Uniting the voices of people with disabilities for action in Bhutan

Workshop participants seated with their backs aways from the camera and facing a facilitator in a meeting room. One particpant is seated in a wheelchair.

 The self-help group formation workshop in action (SNV Bhutan)


As an adult, when Ms Dema stepped into a community meeting for the first time in her life, she never expected that one day she would be nominated by her peers to lead the Udzorong People with Disabilities Self-Help Group.

A resident of a remote village in Jomtshang, Trashigang district in Bhutan, Dema has lived with low vision since she was a child. She has no formal schooling, and that same day marked her first experience of ever holding a pen and a piece of paper.

Other than helping with some basic household chores, Dema's younger sister had always discouraged her from taking up any more work because of her disability. But Dema’s participation in the two-day SNV-Disabled People’s Organization of Bhutan (DPOB) Self-Help Group formation workshop signalled the beginning of her transformative journey.


"It provided me with a sense of motivation and encouragement to participate in these types of events, despite my disability."



Dema was one of 22 participants in the workshop, which was facilitated by DPOB members with disabilities and supported by Australia through SNV's Water for Women project. Participants shared their lived experiences and difficulties in accessing water, sanitation and hygiene (WASH) and some ideas and techniques on how to make WASH services more accessible.

Collaboratively, the participants drew up their own action plan with support from the facilitators. At the end of the workshop, the group nominated two female leaders – one who lives with a disability, being Dema, and the other, the caregiver of a person with severe cerebral palsy – who were tasked with coordinating and following up on progress in implementing the action plan. The group agreed to hold quarterly face-to-face meetings and incorporated this into their action plan.

Participants also formed a Wechat social media group to facilitate post-workshop exchanges and social accountability. Today, this social media group comprises 22 members, an elected local leader, a health worker, an SNV staff member, and the facilitators. Dema is among the more active members in the Wechat group. Recently, she negotiated the assistance of her brother-in-law to modify their toilet at home.


A woman is seated and looking down at her hands as she holds a pen in her right hand and paper in her left, restiung on her knees. She is wearing a bright green jacket and colourful striped pants.

"This workshop did not only introduce me to other people with disabilities, but I also gained the opportunity to hold a pen and paper for the first time in my life."


Self-help groups are important partners for change that place a high premium on mutual support. They are instrumental in advancing countries’ poverty alleviation and development goals, including peoples' access to WASH services. And as Dema has found, self-help groups also offer a sense of belonging that encourages members to explore and embrace their potential as individuals who can catalyse change.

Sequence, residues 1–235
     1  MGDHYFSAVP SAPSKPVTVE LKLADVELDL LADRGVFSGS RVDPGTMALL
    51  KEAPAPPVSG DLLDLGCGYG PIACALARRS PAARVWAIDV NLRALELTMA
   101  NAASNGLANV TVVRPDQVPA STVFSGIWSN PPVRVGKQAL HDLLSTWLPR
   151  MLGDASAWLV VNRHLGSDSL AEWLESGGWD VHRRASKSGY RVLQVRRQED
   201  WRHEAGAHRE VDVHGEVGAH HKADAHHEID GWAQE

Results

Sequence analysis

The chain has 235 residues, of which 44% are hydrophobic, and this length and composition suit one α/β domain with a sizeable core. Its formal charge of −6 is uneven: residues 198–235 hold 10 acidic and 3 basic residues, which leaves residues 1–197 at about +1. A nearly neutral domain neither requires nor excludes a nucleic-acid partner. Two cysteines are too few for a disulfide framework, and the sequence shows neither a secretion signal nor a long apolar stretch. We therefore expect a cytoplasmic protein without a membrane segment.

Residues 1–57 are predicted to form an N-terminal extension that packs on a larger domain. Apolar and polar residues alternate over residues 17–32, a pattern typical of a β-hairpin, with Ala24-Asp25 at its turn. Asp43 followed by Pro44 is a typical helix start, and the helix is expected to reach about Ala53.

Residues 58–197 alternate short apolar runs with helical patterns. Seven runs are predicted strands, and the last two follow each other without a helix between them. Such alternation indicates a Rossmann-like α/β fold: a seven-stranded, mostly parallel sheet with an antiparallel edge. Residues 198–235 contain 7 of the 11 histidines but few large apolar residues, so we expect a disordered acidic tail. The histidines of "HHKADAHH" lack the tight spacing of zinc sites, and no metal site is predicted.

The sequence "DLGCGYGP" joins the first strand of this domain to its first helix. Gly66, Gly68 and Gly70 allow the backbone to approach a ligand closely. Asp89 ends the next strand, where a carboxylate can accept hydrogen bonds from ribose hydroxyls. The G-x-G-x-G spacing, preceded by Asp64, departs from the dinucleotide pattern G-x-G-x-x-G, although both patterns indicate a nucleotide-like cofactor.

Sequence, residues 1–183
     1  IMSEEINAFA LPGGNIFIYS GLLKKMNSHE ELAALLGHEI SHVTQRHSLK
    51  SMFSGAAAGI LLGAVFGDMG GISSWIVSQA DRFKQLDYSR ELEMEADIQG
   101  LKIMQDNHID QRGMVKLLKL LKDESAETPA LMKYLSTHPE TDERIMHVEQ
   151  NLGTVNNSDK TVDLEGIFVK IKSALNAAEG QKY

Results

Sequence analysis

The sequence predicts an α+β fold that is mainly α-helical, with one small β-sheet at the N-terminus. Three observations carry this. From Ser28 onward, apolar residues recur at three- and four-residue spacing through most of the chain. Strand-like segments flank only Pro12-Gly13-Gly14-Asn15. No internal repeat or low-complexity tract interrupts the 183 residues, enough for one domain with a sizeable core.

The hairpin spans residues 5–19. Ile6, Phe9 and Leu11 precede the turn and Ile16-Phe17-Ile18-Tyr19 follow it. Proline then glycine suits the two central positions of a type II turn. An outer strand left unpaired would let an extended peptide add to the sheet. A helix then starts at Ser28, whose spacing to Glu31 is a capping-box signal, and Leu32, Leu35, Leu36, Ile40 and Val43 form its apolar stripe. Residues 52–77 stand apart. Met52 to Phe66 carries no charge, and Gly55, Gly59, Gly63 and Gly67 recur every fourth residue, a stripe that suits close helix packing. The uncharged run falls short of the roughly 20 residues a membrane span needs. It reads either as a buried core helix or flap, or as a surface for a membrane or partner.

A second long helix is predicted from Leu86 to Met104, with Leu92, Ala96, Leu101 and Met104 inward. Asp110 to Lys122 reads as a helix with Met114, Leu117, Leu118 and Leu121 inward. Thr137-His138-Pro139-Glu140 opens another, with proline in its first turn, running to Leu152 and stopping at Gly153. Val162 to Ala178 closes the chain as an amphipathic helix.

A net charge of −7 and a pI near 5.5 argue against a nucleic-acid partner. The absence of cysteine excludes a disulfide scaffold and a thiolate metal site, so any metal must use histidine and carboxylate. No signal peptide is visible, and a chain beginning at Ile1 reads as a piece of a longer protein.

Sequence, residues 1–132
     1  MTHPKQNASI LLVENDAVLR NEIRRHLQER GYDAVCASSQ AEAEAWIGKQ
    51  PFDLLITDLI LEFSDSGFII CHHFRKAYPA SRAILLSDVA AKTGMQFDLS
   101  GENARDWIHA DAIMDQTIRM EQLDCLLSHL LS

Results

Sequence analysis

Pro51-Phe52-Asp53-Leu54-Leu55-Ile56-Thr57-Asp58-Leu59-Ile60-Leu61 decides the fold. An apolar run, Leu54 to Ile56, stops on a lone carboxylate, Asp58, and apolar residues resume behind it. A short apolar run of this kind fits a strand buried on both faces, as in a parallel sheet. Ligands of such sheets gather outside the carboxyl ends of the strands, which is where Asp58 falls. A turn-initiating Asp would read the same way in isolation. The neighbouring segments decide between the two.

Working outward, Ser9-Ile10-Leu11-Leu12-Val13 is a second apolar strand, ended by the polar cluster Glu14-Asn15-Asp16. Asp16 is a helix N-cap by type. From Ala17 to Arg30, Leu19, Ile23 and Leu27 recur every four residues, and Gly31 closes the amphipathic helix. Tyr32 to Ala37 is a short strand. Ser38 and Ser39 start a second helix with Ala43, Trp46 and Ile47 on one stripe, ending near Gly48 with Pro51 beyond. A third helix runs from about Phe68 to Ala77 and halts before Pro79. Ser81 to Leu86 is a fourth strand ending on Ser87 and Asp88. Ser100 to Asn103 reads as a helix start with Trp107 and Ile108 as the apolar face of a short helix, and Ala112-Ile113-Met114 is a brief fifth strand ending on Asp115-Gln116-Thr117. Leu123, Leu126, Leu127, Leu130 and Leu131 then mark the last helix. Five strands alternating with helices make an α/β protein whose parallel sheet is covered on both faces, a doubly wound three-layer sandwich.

Dema's continued success and the belongingness and camaraderie offered by the self-help group are helping to blaze the trail for other people living with disabilities to find and use their voice.

Water for Women partners with SNV to accelerate progress in rural WASH access for 88,246* people, including more than 7,600 people living with disabilies across Dagana, Zhemgang and Trashigang districts through the project, Towards Climate-Resilient Inclusive WASH Services in Rural Bhutan. This project is improving access to equitable and sustainable sanitation and hygiene services that are safely managed, and stregthening the adaptive capacities of stakeholders, including rights holder groups and communities, to ensure sustainable service delivery and quality and equity at scale.



December 3rd is the United Nations International Day of Persons with Disabilities.

This year's theme, 'United in action to rescue and achieve the SDGs for, with and by persons with disabilities' conveys the solidarity and accelerated efforts needed now in order to get many of the Sustainable Development Goals back on track for 2030 - especially those for persons with disabilities that are lagging even further behind.

Across Asia and the Pacfic, Water for Women partners are united in action for SDG 6 - safe water and sanitation for all - upon which all 17 goals of the United Nations 2030 Agenda for Sustainable Development rely.

Working in partnership with Organisations of Persons for and with Disabilities, rights holder groups, communities, sector stakeholders and governments, our partners are accelerating access to climate-resilient, gender equitable and disability inclusive WASH services for all.

With a core focus on systems strengthening and commitment to leave no one behind, partners are also helping to build resiience within the networks and infrastructure that underpin these services. 

Together, we have reached more than 3.4 million people in 16 countries so far, including almost 70,000 people living with disabilities and more than 1.7 million women and girls.

Inclusive communities are resilient communites.



Above: Holding a pen and piece of paper for the first time in her life, Ms Dema draws a picture of her home during the self-help group formation workshop (SNV Bhutan / Ugyen Wangchuk) 


*Project targets are based on partner Civil Society Organisations (CSO) project baseline studies. Project targets are updated periodically in response to changes in context as appropriate.


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